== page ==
Lions and Tigers and Humans, Oh My!

Everything About Fiction You Never Wanted to Know.
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Teacher: So the first Little Pig went to the store. He asked the merchant, 'I'd like to buy some straw please.' And what do you think the man said?

Student: He said, 'Holy shit, a talking pig!'
—Story from an old Email Meme

Funny Animals are handy. Because they're animals that act human without looking human, they can add a sense of whimsy or comedy to a piece; seeing a group of animals go about ordinary human lives can help to accentuate just how absurd we are sometimes. If they're played with "realistic" animal traits (or as realistic as circumstances allow), they can allow for a unique brand of comedy. If they're being used seriously, they can help give the impression of a different world. Heck, they might just be easier to draw. However, in many works that use them, they are a "human substitute." It might get a little too weird to consider what it would be like having both humanoid "animals" and "ordinary" humans running around in the same world—especially if there are regular animals running around as well, and even more so if some of them talk!

Some writers don't care, however. And thus you get worlds where pointy-hatted young women buy their groceries from six-foot-tall raccoons, little girls go on play dates with grizzly bears, preteen kids go to school with monkeys, and plenty of other assorted hijinks go down between humans and what most people consider "furries." To make things even more baffling, some of these worlds have ordinary Talking Animals as well, generally making everyone's heads hurt. And... don't bother asking what everyone eats. Seriously... just don't.

If the cast is mostly human, expect the talking animals and anthros to be an Unusually Uninteresting Sight. If the cast of a work is mostly composed of animals, a human may be thrown in as the furry equivalent of a Token Minority. And if the Funny Animals in question are very small and typically go unnoticed by humans, it's a Mouse World.

Examples of Lions and Tigers and Humans, Oh My! include:

Anime and Manga

  • Dragon Ball has many Funny Animals in it, who often live among humans. Major ones are Oolong, a pig who walks upright, talks, and wears clothing (including a Zhongshan/Mao suit), and Korin, an immortal cat, but there are many others. There's Shu for instance, an anthropomorphic ninja dog who serves Emperor Pilaf. In the first episode of the anime, he and his woman partner Mai are chased by pack of wolves who are fully zoomorphic (don't stand upright and don't talk). Also, the few times he appeared, the President of the World was an anthropomorphic fox as well. Some of the animals are zoomorphic in body form, but are capable of human speech, such as Turtle, who is the turtle companion of Master Roshi, so this is also a case of Furry Confusion. Dragonball Z also featured funny animals on a smaller scale, but they became less and less present.
    • Upon being asked about this later, author Akira Toriyama admitted that he simply forgot that such characters existed after the Namek arc.
  • Princess Tutu. Most of the main cast is human—except for Ahiru, who is a duck that can magically turn into a girl—but many of the secondary characters are anthropomorphic animals, including Neko Sensei (the ballet teacher).
  • Ai to Yuuki no Pig Girl Tonde Buurin features vaguely anthropomorphic pigs which are actually Alien Animals - Ton-chan, the three pun piglets, and then there is Buurin herself who is usually human but becomes a pig when she activates her super powers.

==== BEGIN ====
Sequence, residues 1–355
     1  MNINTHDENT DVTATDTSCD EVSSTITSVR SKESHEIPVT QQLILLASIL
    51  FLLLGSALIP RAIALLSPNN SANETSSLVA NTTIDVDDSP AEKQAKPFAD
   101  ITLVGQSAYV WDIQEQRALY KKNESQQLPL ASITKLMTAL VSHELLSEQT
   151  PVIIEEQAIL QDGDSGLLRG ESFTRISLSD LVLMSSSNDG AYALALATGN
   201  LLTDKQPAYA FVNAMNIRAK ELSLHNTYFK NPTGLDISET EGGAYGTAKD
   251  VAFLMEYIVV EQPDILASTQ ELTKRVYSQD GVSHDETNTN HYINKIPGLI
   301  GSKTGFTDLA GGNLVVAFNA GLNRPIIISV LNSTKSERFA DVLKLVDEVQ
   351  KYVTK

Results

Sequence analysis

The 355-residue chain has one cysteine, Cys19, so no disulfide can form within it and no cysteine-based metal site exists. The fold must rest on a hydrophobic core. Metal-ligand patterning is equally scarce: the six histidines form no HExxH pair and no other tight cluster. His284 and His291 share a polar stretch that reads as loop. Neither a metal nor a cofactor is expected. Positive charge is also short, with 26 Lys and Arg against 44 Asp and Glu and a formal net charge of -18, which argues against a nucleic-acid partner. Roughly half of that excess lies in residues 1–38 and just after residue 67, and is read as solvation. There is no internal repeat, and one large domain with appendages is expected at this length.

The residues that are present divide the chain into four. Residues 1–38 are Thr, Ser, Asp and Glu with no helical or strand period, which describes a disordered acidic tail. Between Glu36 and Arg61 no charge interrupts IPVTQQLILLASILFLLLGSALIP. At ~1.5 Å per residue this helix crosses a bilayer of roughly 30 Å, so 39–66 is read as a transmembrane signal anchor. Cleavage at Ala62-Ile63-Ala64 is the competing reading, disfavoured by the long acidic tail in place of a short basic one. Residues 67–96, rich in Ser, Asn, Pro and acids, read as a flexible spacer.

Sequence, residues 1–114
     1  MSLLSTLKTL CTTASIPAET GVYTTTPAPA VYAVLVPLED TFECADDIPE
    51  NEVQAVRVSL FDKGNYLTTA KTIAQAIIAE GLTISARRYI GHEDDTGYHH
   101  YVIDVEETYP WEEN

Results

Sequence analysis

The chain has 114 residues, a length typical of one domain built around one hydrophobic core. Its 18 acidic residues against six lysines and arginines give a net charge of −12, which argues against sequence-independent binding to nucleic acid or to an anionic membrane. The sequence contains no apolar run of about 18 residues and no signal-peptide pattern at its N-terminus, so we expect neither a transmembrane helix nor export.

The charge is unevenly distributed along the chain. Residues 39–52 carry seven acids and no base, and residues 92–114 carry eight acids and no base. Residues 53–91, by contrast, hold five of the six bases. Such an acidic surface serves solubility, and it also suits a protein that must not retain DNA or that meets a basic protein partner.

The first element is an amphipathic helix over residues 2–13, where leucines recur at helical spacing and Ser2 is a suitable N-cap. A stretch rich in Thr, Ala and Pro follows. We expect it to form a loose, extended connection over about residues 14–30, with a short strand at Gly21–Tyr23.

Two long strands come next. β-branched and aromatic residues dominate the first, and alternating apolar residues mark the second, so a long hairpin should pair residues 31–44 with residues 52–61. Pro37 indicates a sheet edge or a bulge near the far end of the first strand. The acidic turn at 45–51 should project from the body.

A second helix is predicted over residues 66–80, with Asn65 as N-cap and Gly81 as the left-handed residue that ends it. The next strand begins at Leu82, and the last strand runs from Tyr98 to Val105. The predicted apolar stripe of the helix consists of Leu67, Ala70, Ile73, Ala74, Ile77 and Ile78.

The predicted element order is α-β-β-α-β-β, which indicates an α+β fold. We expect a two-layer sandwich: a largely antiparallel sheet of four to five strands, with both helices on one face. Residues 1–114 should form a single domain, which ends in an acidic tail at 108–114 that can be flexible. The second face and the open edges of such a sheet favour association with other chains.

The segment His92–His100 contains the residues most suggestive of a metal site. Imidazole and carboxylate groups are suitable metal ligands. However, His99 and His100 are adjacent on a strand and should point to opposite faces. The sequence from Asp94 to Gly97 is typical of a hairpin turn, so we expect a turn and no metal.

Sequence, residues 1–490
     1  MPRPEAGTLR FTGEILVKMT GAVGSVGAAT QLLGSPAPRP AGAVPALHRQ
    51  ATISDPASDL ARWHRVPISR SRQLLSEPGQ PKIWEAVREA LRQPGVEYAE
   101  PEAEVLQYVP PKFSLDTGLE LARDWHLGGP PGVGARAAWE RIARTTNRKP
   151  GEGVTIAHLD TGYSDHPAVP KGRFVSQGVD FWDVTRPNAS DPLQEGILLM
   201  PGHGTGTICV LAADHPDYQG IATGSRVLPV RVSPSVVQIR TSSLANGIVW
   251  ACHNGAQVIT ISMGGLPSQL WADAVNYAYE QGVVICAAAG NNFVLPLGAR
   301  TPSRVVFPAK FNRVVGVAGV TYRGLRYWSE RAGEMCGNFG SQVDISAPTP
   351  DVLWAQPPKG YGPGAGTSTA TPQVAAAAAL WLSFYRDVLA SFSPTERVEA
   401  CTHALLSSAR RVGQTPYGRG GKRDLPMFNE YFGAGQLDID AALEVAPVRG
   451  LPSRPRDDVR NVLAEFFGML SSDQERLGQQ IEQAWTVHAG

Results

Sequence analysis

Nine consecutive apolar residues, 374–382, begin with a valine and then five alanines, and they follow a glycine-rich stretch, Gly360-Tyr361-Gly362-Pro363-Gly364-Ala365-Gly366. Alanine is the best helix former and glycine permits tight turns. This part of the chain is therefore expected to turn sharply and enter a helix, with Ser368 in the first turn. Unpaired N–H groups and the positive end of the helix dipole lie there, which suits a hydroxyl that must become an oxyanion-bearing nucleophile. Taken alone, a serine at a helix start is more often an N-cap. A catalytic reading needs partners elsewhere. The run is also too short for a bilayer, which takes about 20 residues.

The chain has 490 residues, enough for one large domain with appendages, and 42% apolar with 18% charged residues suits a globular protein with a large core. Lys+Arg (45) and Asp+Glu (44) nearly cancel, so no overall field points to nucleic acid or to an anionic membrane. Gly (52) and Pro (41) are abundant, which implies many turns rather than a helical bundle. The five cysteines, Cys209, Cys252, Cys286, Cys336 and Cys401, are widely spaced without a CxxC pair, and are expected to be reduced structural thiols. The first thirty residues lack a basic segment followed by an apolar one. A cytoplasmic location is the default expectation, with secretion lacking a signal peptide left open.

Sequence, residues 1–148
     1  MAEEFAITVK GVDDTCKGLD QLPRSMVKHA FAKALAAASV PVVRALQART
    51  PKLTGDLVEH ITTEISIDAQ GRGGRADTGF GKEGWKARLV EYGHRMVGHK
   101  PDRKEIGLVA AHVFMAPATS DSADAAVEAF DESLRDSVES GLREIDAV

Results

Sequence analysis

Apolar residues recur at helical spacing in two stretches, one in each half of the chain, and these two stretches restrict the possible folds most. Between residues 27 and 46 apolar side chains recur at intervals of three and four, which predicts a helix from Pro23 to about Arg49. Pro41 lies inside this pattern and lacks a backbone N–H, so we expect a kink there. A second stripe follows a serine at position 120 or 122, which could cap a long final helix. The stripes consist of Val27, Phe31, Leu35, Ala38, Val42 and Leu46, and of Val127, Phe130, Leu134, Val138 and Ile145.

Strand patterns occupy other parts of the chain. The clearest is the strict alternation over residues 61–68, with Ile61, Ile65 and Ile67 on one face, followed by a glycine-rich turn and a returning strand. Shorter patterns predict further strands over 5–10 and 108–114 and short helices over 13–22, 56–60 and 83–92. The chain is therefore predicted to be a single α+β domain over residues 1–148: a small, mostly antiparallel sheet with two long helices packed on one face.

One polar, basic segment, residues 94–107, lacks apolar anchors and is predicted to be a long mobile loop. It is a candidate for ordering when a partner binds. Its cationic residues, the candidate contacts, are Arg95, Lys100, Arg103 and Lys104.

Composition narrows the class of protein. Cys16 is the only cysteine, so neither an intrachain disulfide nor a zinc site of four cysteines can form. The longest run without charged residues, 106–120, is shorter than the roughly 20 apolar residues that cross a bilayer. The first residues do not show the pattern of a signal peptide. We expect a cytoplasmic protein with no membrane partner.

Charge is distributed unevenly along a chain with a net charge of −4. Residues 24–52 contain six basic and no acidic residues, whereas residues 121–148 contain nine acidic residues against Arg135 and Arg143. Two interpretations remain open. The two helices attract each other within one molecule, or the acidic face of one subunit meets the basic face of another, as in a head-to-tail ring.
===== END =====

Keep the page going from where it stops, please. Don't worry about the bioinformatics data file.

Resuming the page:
• Porco Rosso is about a World War I fighter pilot who apparently turned into a pig due to a Curse. Everyone else is human. Nobody questions this.
  • Kind of inverted with Shinigami Captain Komamura Sajin of Bleach, who is an anthropomorphic wolf living in an afterlife where everyone else is human. While he appears to be some kind of supernatural creature or a mutant and clearly not an animal, he's fairly self-conscious about it, and initially wears a mask, because he thinks people would see him as a talking animals and not a person who looks similar to one.
  • Shirokuma Cafe is a cafe that is run by a polar bear and is frequented by both the animals who work at the nearby zoo and regular humans. The humans and animals get along perfectly well and the zoo even has a special fare price for animals who visit the zoo.

Comic Books

  • There was a Donald Duck comic book story (a spy spoof), and three Mickey Mouse stories (G-rated James Bond style, accompanied by Goofy, not a spoof), where all the other characters were human (and no pig or dog noses).
  • Cerebus was basically the only Talking Animal in a world of humans (there were a couple of other aardvarks, but they only made small, if significant, appearances). Nobody ever seemed to comment on this or think that it was odd. He even had a completely human-looking child with another human.
  • Howard The Duck was essentially in the same boat as Cerebus, except that the human world he inhabited happened to be the Mainstream Marvel Comics universe.
  • Sam and Max are a dog and a rabbit, but in the comics almost everyone they run into is a human, as well the occasional talking rat or cockroach. Some ordinary, non-anthropomorphised dogs can also be seen in the background of some panels. By the end of the Sam & Max Season Three game, characters across the franchise included a talking fish on a fake body, a non-talking but still sapient fish, some aliens, a race of molemen, a talking chicken, a sentient colony of spacefaring bacteria (Also technically an alien, but he deserves to mentioned separately), sentient computers, giant stone heads, Yog Soggoth, and all sorts of mythological creatures. And yet Sam and Max are still the only funny animals in the cast, except for their rarely seen relatives, the anthropomorphic cockroach Sal, and maybe the molemen. And the giant rats and roaches on the moon, but they're aliens.